One day after immersion was completed, no marked fish had died. Twenty-three days after marking, all sampled individuals showed a visible red-orange mark in their otoliths (Fig. 2A). Without polishing, visible marks also were easily identified in the otoliths of marked individuals sampled on 28 December 2014 (Fig. 2B), 4 May 2015 (Fig. 2C) and 24 January 2016 (Fig. 2D). More than one year after immersion, the ARS mark still remained visible, and there was no evidence that the mark was significantly decaying.

Figure 2
Photographs of lapillus otoliths of ARS marked S. wangchiachii of the 2014 cohort sampled on 29 May 2014 (A), 28 December 2014 (B), 4 May 2015 (C) and 24 January 2016 (D).

Large-scale marking application

In the large-scale immersion marking of juvenile S. wangchiachii, mortalities in each batch were very low (≤0.50%), and no significant difference in the mortality between marked and unmarked batches was detected (Table 1). Three months after being reared in outdoor fishponds, samples of marked and unmarked individuals showed no significant difference in total length, wet mass and condition factor (Table 1). A visible red-orange mark in the otoliths could be identified under green laser in all marked fish sampled.

Table 1
The mortalities of juvenile S. wangchiachii unmarked and marked by immersion in late April to early May 2015, and total length, wet mass and condition factor of these fish three months later.

Recapture and evaluation

Otolith checking confirmed that a total of 852 S. wangchiachii of the 2015 cohort were caught during the three recapture surveys. Of these fish, 262 individuals had a clear ARS mark in their otoliths, and 590 individuals had no mark (Fig. 3; Table 2). The percent of marked individuals in each recapture survey were 32.73% in October 2015, 26.36% in January 2016 and 30.53% in April 2016.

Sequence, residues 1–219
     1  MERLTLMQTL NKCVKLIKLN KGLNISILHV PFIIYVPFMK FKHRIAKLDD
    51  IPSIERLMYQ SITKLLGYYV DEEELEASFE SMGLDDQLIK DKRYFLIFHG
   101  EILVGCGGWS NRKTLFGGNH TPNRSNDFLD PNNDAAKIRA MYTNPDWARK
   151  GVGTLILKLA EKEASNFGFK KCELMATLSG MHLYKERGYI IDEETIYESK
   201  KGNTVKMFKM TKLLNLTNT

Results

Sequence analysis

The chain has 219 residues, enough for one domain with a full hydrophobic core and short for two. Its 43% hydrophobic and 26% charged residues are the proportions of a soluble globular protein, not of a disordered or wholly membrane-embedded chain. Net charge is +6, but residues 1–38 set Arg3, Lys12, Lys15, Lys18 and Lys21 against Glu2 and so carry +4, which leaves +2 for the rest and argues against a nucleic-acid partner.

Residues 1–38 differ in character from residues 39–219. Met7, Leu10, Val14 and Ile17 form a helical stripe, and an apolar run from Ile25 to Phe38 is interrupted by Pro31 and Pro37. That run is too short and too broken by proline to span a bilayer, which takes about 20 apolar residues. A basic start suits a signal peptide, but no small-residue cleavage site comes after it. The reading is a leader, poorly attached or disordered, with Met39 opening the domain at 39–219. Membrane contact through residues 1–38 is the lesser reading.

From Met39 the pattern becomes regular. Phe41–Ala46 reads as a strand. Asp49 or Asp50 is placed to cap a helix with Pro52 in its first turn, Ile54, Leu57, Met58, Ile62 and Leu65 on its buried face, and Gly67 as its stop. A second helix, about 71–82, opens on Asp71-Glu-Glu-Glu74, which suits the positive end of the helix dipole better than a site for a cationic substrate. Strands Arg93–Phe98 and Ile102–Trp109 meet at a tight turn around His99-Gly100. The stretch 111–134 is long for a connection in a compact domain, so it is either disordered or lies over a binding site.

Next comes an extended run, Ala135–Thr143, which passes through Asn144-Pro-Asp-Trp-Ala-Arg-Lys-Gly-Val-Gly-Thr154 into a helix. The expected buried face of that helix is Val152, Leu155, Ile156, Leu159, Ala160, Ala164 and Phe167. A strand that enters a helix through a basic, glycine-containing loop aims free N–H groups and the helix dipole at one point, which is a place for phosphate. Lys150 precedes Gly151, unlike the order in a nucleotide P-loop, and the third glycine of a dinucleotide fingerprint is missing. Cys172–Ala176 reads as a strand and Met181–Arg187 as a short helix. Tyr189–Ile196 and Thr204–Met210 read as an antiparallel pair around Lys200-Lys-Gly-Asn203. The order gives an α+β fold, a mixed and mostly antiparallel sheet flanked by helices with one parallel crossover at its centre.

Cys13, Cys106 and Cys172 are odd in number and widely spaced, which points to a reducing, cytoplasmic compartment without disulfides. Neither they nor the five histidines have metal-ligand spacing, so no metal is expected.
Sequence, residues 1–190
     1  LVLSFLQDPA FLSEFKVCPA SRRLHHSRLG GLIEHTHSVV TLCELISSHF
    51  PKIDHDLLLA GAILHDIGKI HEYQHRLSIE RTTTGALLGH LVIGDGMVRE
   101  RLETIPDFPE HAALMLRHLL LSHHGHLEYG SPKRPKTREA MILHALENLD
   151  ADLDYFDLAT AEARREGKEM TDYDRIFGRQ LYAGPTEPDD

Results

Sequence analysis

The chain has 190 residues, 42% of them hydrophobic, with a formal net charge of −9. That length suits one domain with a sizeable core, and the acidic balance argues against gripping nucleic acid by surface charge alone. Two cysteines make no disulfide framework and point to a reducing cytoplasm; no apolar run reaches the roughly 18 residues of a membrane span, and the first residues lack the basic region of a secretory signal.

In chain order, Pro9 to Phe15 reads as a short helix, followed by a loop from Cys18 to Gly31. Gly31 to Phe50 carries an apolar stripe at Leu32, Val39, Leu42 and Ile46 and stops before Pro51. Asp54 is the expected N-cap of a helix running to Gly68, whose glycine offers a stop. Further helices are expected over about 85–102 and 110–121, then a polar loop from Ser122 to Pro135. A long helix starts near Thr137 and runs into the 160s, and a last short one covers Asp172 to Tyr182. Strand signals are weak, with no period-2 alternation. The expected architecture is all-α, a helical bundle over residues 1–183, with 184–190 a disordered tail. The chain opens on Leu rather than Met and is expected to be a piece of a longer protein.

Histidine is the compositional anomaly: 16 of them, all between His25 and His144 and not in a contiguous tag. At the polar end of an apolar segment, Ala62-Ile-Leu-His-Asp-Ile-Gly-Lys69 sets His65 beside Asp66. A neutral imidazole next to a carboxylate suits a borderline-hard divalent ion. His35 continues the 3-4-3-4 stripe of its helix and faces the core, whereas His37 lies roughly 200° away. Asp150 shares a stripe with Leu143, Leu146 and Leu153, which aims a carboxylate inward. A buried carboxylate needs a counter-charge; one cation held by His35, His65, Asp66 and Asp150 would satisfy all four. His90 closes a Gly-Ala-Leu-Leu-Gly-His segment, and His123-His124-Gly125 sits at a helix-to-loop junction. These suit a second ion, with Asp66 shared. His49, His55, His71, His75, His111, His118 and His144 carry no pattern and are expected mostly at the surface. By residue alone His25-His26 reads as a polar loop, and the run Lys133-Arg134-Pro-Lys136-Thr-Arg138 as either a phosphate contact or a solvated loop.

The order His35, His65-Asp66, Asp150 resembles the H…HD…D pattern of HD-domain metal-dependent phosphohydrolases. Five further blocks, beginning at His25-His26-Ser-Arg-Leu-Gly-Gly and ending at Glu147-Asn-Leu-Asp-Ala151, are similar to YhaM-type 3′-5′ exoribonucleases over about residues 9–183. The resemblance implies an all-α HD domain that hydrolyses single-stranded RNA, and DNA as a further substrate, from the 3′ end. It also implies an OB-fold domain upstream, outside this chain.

Figure 3
Photographs of ARS marked (A) and unmarked (B) lapillus otolith of S. wangchiachii of the 2015 cohort recaptured in the Jinping area of the Yalong River.
Table 2
Mean total length, wet mass and condition factor of marked and unmarked S. wangchiachii of the 2015 cohort.

In the October 2015 recapture effort, total length, wet mass and condition factor of both marked and unmarked S. wangchiachii were significantly lower than those of the hatchery control group (Table 2; one-way-ANOVA with post hoc Games-Howell Tests, P < 0.001). The condition factor of marked individuals when they were recaptured was also significantly lower than when they were released (Table 2; independent t-test, P < 0.001). Between marked and unmarked individuals, there was no significant difference in wet mass (P = 0.134) and condition factor (P = 0.735), whereas a slight difference in total length was detected (P = 0.030). In addition, the total length, wet mass and condition factor differed significantly among samples caught from different recapture sites (Table 3; two-way ANOVA tests without the data for site 7, P < 0.001), but a significant difference was not observed between marked and unmarked individuals (P > 0.05). Recapture site and ARS mark had interaction effects on wet mass (P = 0.006).

Table 3
The results of Two-way ANOVAs on the effects of recapture site (R) and ARS mark (A) and their interaction (R × A) on total length, wet mass and condition factor of S. wangchiachii of the 2015 cohort.